A slice of paradise lures tourists
Updated: 2013-10-04 01:46
By Wang Qian and Huang Yiming in Sansha, Hainan (China Daily)
A gun turret built by Japanese invaders during the War of Resistance against Japanese Aggression (1937-45) on Yongxing Island. Photo by Huang Yiming / China Daily
Could Sansha become China's Maldives?
According to tourism experts and businessmen the answer is: yes, as long as the city continues to open its doors and boost infrastructure construction.
No civilian planes are yet permitted to fly to Sansha. However, ferry services are already seeing a boom in business.
The Coconut Princess cruise ship, which made its maiden voyage in April, takes visitors to Yongxing Island twice a month, weather permitting.
So far, it has made 16 trips, ferrying almost 40,000 people and 7,000 metric tons of goods.
The only other vessel transporting tourists to Sansha is the Qiongsha No 3, a supply ship, which has docked at the islands 70 times.
"We've just finished a plan for transportation between islands, and we are hoping to get approval soon," Sansha Mayor Xiao Jie said.
Mo Qun will be hoping that the improved transportation will eventually open the door to air travel.
The general manager of Meiya Air, which in May became the first to be licensed by the Civil Aviation Administration of China to operate amphibious services, hailed the cruise service as "marking a new chapter for island travel for China".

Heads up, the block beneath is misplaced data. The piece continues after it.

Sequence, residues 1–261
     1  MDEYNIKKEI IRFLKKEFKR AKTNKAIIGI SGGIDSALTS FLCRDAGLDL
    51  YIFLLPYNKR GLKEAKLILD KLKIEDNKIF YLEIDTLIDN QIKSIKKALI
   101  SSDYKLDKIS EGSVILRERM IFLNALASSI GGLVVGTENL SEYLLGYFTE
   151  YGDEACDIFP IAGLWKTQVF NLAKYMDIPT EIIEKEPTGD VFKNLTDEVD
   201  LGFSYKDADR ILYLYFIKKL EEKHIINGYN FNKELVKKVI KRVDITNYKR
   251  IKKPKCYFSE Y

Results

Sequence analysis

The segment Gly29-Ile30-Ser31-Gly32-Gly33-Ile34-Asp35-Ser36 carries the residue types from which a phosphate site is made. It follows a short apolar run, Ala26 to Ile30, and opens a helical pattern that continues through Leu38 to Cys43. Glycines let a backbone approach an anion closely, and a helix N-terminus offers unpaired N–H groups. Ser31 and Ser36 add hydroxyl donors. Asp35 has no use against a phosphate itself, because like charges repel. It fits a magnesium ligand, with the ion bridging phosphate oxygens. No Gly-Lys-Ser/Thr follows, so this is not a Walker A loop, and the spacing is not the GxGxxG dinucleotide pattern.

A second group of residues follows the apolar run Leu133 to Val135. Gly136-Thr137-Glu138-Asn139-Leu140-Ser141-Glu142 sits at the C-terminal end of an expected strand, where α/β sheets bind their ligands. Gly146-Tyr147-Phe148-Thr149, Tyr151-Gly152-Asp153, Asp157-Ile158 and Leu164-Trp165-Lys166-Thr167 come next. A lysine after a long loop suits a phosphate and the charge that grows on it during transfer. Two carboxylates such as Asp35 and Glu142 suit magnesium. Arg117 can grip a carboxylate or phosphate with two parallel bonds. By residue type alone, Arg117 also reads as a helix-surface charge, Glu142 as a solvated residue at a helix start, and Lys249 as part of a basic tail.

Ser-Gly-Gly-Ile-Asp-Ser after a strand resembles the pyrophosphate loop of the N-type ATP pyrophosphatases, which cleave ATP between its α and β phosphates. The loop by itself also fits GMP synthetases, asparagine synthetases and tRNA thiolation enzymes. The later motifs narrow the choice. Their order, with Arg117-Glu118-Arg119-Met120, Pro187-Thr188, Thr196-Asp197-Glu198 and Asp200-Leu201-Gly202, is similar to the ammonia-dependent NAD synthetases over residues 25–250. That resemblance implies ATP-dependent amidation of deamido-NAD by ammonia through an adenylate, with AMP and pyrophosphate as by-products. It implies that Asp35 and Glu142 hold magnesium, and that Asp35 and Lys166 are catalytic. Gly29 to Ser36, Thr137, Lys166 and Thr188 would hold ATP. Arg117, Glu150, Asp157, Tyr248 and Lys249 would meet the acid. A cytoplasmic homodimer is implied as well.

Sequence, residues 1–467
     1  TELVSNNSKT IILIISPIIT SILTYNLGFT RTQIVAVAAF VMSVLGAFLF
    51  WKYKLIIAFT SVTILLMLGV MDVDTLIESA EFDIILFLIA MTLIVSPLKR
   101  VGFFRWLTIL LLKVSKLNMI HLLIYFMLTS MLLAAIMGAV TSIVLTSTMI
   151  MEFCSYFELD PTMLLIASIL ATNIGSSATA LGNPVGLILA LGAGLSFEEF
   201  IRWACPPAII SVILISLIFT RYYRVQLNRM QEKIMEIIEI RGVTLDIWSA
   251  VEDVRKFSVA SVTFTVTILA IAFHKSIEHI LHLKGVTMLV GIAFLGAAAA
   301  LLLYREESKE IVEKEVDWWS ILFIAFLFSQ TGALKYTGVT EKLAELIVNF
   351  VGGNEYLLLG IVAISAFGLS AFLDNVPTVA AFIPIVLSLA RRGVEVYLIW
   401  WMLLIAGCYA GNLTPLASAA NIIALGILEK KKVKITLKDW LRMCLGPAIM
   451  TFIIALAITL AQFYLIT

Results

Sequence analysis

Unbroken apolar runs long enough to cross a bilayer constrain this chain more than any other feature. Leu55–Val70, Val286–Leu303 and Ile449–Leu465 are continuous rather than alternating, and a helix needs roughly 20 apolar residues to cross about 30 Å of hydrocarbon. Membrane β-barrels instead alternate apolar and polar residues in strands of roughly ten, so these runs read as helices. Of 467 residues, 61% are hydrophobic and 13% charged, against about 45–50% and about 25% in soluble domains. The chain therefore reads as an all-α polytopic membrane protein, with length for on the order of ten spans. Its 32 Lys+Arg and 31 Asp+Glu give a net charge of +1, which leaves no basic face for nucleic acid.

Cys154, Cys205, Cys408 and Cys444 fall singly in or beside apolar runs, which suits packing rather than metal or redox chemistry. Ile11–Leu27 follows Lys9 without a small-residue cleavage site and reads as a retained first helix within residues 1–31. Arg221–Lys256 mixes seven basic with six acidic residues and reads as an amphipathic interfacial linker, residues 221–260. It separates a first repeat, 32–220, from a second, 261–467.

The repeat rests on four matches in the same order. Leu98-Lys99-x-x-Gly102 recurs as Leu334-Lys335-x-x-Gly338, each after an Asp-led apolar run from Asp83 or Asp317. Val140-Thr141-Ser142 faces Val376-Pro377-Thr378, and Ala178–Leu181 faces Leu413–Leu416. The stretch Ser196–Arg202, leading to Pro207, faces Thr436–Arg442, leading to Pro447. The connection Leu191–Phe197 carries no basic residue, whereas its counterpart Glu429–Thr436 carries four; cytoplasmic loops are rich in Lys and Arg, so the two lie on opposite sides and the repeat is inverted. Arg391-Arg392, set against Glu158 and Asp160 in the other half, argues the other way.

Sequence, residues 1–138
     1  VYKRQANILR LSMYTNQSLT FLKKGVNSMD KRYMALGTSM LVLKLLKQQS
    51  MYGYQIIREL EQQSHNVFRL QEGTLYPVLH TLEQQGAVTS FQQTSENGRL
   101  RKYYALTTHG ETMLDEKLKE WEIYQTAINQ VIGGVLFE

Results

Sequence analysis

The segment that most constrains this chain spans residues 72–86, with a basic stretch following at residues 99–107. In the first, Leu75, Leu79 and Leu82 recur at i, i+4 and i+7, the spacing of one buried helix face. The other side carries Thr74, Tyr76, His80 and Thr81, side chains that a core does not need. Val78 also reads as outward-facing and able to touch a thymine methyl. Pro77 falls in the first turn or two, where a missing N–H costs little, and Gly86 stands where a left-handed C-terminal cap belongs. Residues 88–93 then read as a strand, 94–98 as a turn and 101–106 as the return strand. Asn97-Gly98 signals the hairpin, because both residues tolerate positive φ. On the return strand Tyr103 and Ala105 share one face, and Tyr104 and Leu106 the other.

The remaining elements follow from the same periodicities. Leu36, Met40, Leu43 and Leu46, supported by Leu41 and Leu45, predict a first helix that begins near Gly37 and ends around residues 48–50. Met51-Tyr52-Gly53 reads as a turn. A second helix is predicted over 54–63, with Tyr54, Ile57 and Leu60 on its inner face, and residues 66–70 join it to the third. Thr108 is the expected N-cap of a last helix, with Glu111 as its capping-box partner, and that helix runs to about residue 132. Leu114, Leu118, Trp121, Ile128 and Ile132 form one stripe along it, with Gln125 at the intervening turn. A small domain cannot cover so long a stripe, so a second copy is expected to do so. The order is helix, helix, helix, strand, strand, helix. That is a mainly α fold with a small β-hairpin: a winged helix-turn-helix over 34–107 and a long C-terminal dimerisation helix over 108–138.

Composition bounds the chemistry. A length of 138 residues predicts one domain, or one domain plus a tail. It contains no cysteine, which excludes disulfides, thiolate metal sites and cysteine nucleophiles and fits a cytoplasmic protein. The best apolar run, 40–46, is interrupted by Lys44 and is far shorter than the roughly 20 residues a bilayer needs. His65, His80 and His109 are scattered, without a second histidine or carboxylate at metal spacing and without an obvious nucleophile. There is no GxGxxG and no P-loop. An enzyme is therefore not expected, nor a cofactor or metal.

Despite still awaiting approval, his company has bought five amphibious aircraft for island-to-island trips in Sansha to cater to high-end tourism.
Compared with an 18-hour cruise on the Coconut Princess, a 70-minute flight would attract more people to the islands, Mo said.
Fishermen are just looking forward to more tourists, regardless of how they get there.
Li Qiansan, 53, said he expects his annual income to double as the island opens to the Chinese mainland.
However, Xiao said tourism development also needs to be sustainable and he urged the central government to establish an underwater heritage protection zone to protect relics along the ancient marine silk route.
The ancient marine silk road in South China Sea is a historical network of interlinking trade routes between China and the West, including shipwrecks carrying exported porcelain, and settlements established by Chinese inhabitants as early as 1,000 years ago.
"These heritage sites are important proof of Chinese ancestors' early development of the South China Sea," Xiao said. "Protecting them is significant for our studies on history and the development of tourism."